Hong Kong leader Carrie Lam to begin five-day China trip with economic recovery talks in Beijing

Ng Kang-chung
·3-min read

Hong Kong leader Carrie Lam Cheng Yuet-ngor will travel to Beijing on Tuesday for her much-awaited trip to discuss measures to speed up the recovery of Hong Kong’s economy, which has been hit hard by the coronavirus pandemic.

The five-day trip will see Lam depart for the Chinese capital via Shenzhen on Tuesday afternoon. She is expected to leave Beijing for Guangzhou on Friday, and will hold separate talks with leaders of Guangdong province and Shenzhen the following day.

In a statement on Monday, the Hong Kong government said Lam would “hold meetings with relevant ministries during her stay in Beijing”.

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She will be flanked by five officials – mainland affairs chief Erick Tsang Kwok-wai, transport head Frank Chan Fan, health minister Professor Sophia Chan Siu-chee, innovation and technology minister Alfred Sit Wing-hang, and financial services minister Christopher Hui Ching-yu.

A source familiar with Lam’s trip said the chief executive was expected to visit the National Development and Reform Commission, the Hong Kong and Macau Affairs Office, the National Health Commission, and the Civil Aviation Administration of China during her stay in Beijing.

According to the source, issues expected to be discussed during the trip include the development of the Greater Bay Area, the country’s 14th five-year plan, the resumption of cross border travel, and regional cooperation among various airports in the bay area.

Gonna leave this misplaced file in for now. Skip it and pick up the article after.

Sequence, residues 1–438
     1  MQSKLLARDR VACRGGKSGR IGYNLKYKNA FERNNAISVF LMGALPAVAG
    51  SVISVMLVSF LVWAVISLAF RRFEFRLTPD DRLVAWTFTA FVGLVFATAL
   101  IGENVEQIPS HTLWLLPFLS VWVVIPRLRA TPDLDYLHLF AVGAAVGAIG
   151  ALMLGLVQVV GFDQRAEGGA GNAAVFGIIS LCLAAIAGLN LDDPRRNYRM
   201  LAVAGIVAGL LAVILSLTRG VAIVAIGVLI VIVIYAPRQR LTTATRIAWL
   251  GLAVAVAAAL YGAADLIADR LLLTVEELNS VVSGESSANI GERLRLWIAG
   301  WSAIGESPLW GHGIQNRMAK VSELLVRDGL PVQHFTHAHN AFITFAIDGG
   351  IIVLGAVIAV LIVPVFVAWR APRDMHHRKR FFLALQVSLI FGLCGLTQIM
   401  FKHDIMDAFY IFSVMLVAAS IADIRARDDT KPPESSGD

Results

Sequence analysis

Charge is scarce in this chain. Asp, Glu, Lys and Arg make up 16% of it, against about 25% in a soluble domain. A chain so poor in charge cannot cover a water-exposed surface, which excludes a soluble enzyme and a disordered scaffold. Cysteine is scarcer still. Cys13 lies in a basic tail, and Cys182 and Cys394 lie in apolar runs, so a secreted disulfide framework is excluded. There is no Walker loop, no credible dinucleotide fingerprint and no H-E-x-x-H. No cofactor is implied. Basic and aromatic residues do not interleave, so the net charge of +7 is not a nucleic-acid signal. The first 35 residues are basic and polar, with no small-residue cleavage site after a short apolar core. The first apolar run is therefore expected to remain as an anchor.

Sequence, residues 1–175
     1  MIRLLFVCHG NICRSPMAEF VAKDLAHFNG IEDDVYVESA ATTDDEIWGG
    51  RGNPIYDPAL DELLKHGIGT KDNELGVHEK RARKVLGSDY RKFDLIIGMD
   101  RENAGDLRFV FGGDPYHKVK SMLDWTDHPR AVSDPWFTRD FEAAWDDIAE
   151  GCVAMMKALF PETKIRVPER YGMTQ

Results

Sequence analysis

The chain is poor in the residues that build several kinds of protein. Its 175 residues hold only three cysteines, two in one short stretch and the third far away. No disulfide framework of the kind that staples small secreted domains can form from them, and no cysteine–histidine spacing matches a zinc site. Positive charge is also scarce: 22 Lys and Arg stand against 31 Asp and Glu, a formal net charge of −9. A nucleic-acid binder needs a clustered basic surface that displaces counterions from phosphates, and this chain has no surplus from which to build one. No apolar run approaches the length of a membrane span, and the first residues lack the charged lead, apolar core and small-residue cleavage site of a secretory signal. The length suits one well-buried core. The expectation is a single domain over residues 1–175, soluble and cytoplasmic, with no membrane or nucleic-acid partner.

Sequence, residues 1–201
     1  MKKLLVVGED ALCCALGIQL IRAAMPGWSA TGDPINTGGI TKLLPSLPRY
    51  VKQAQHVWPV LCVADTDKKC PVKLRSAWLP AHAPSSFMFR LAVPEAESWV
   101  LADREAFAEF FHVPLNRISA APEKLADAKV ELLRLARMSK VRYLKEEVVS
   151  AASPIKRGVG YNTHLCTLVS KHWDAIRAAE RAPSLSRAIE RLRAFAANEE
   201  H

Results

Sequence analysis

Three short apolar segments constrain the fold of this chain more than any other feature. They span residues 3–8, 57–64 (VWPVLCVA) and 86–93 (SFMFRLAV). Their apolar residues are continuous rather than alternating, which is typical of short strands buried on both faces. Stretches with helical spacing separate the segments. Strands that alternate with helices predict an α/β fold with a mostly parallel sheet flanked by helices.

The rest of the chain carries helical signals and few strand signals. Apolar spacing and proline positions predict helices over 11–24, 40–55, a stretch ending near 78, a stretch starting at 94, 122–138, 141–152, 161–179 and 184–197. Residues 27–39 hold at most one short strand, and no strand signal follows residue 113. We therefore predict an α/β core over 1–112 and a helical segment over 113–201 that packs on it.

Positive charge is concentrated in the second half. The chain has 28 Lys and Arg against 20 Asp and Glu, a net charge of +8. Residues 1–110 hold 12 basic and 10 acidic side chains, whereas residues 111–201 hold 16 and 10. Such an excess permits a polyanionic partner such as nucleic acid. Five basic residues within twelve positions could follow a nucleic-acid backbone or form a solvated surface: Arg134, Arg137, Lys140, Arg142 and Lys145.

Hong Kong’s future and its continued prominence in the national development plan were thrown into doubt earlier last month when President Xi Jinping appeared to favour Shenzhen as the linchpin of the bay area in an address at a ceremony marking the 40th anniversary of its establishment as a special economic zone.

Deal to help Hongkongers buy homes, educate children with ease in Greater Bay Area

Economist Dr Billy Mak, of Baptist University, hoped Lam could make good use of the mainland trip to lobby for more support for the early resumption of cross-border travel.

“Closer cooperation with the Greater Bay Area cities could also mean more preferential terms for Hongkongers to work or live in the region,” he said.

“After Sars, the central government allowed the individual travel scheme for mainlanders to help boost Hong Kong’s economy. This time, this will not work because of the border restrictions.”

Pro-establishment legislator Lo Wai-kwok, who is chairman of the Business and Professionals Alliance for Hong Kong, said Hong Kong needed to “integrate with national development to stimulate the economy in face of the uncertain global economic outlook”.

Chief Executive Carrie Lam is also expected to visit Shenzhen. Photo: Xinhua
Chief Executive Carrie Lam is also expected to visit Shenzhen. Photo: Xinhua

Lam’s trip to Beijing has delayed her annual policy address, which was postponed two days before she was expected to deliver it on October 14. At the time, the city’s leader said she hoped to incorporate some of the decisions from the Beijing talks into her speech, which is now due to be made before the end of the month.

She dismissed suggestions the delay had anything to do with waiting to take direction from Beijing.

“It is a matter of responding to a positive indication from the central government that they want to take into account the chief executive’s recommendations, that they really want to facilitate those policy measures so that Hong Kong people have more confidence that the economy will bounce back,” she said.

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